TAKE ACTION: Justice for Marikana

This August marks the fifth anniversary of the Marikana mining massacre

During the month of August in 2012, 37 miners were killed — 34 were shot down by the South African police on a single day. The miners were demanding that British mining company Lonmin pay them a living wage.

That day — August 16 2012 — shook South Africa’s fragile, new democracy to the core. In as much as the massacre was traumatic for the country and the community of Marikana, what followed was shocking. Despite police investigations and a public commission of inquiry conducted by the state, no-one has been held accountable for the killings.

No one has been brought to justice.

As a result, no reparations have been paid to the families of the dead miners. No public apology has been issued. No trauma counselling has been offered to the community of Marikana

Sikhala Sonke

Sikhala Sonke which means “we cry together,” was formed by the women of Marikana. Some members are the widows of the miners. Others that joined are angry that nothing has changed in Marikana over the last five years. Sikhala Sonke continued the struggle for a living wage for the miners after the massacre. It has also repeatedly made demands on Lonmin and the South Africa government to address the Marikana Massacre.

 

Their demands are:

1. Lonmin and government must make a public apology for the Massacre.

2. Lonmin and government must pay reparations to the affected parties, including all dependents of the deceased mineworkers and the injured and arrested workers who survived the Massacre.

3. The police officers, particularly those in command positions, should be prosecuted for their role in the events of August 2012.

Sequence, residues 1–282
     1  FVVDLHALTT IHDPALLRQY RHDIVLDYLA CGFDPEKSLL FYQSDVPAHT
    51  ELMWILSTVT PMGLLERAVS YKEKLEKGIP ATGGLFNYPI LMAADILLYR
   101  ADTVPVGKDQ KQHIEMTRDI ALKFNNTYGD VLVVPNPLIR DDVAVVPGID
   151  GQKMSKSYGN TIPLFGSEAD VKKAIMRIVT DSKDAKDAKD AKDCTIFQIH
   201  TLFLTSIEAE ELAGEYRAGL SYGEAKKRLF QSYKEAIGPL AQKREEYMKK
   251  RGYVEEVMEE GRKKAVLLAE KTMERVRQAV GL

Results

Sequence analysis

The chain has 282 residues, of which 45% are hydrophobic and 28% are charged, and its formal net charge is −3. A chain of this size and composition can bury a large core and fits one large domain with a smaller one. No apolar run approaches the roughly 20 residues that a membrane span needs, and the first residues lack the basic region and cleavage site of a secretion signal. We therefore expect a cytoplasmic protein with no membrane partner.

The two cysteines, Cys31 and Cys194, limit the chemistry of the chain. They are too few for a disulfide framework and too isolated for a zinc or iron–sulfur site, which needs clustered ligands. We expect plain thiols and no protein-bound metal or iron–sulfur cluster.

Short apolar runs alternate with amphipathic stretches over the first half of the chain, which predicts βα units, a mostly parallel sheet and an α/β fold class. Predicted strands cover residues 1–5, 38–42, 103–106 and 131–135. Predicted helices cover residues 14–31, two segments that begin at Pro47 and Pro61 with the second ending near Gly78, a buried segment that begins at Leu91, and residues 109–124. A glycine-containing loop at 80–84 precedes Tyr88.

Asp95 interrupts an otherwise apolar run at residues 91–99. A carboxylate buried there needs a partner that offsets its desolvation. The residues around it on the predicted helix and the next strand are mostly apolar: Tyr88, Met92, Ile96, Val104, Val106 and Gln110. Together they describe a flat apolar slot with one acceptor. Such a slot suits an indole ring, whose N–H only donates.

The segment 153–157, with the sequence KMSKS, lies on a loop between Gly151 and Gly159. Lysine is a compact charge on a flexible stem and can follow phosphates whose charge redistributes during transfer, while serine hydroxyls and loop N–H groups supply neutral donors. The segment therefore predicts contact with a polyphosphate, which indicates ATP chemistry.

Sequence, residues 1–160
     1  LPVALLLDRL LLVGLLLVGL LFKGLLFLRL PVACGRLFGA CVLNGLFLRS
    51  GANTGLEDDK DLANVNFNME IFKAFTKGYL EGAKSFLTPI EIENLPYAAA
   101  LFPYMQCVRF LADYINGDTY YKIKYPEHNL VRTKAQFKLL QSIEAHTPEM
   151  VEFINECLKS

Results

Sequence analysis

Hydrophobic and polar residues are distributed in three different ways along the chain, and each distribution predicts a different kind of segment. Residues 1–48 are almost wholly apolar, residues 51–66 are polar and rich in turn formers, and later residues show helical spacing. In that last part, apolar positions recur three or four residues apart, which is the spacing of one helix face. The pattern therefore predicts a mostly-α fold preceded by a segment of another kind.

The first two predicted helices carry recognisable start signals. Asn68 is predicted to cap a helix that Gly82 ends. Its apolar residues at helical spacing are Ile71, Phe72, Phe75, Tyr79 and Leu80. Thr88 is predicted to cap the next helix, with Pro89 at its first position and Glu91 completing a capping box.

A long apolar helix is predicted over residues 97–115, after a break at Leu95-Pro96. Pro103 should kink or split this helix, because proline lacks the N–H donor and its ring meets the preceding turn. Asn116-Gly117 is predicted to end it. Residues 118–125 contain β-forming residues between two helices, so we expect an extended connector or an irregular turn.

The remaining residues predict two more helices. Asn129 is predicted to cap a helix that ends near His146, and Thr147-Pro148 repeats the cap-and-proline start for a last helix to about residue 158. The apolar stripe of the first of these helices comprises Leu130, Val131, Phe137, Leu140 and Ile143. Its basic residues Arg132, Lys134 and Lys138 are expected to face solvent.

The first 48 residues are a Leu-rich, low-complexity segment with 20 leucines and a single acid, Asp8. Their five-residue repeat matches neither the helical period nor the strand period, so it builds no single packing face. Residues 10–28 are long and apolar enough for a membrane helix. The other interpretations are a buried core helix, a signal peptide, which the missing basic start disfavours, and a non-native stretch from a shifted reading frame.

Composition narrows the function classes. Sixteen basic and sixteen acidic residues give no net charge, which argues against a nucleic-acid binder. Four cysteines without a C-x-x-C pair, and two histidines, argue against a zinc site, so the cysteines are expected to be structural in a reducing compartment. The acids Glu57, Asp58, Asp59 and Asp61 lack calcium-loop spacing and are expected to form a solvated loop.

4. There must be immediate justice (prosecution and reparations) for the death of Paulina Masuhlo, and the other women injured by police on 15 September 2012.

5. 16 August must be declared a National holiday.

6. There must be full and proper consultation by Lonmin with all affected parties regarding the proposed commemorative monument.

7. Lonmin must fully comply with its current obligations under its SLP, including the development of 2638 (rental and ownership) accommodation units and 4000 apartments and ensure that these are affordable for mineworkers and the community, within the stipulate timeframes.

8. Government must take steps against Lonmin for non-compliance with its previous and current SLP, including the revocation of its mining right if necessary.

9. The Compliance Advisor Ombudsman is to complete its compliance appraisal by the end of August 2017 and must directly address the failures by the IFC in oversight of its investment in Lonmin.

 

Lonmin's Social and Labour Plan 

In order to get the rights to mine for platinum in Marikana, Lonmin was required by law (The Mining and Petroleum Resources Development Act) to submit a Social Labour Plan which outlines its plan to develop the community of Marikana.

In the plan, Lonmin promises to build 5,500 houses for the miners and their families and transform the hostels into family units.

However, in the last 11 years that Lonmin has been operating the mine, only three houses have been built and only 50 per cent of the hostels have been converted.

The people of Marikana are living in shacks with no water and electricity. Water has to be fetched from stand pipes that are far away from the homes. The burden of fetching the water falls on the women of Marikana.

The community do not have access to flush toilets and are forced to use pit latrines, with only a few available to the 33,000 people living in the area.

This situation of absolute poverty exists in parallel to a wealthy mining company that has shown increasing revenue over the years.

Lonmin’s revenue increased from £1.3 billion to £1.7bn between 2006 and 2008.

In addition, in 2007 the International Finance Corporation (IFC) invested £11.6 million in Lonmin to improve the social conditions around the mine.

 

Strike a Rock

Strike a Rock, is a documentary that was produced by independent documentary film maker, Aliki Saragas. The film traces the fight against Lonmin, the police and the government as told through the friendship between two women activists, Primrose Sonti and Thumeka Magwangqana. This is a story of sisterhood - women leading the struggle, supporting each other and taking on capitalist patriarchy in South Africa. 

Watch the trailer for Strike a Rock here https://vimeo.com/150025734

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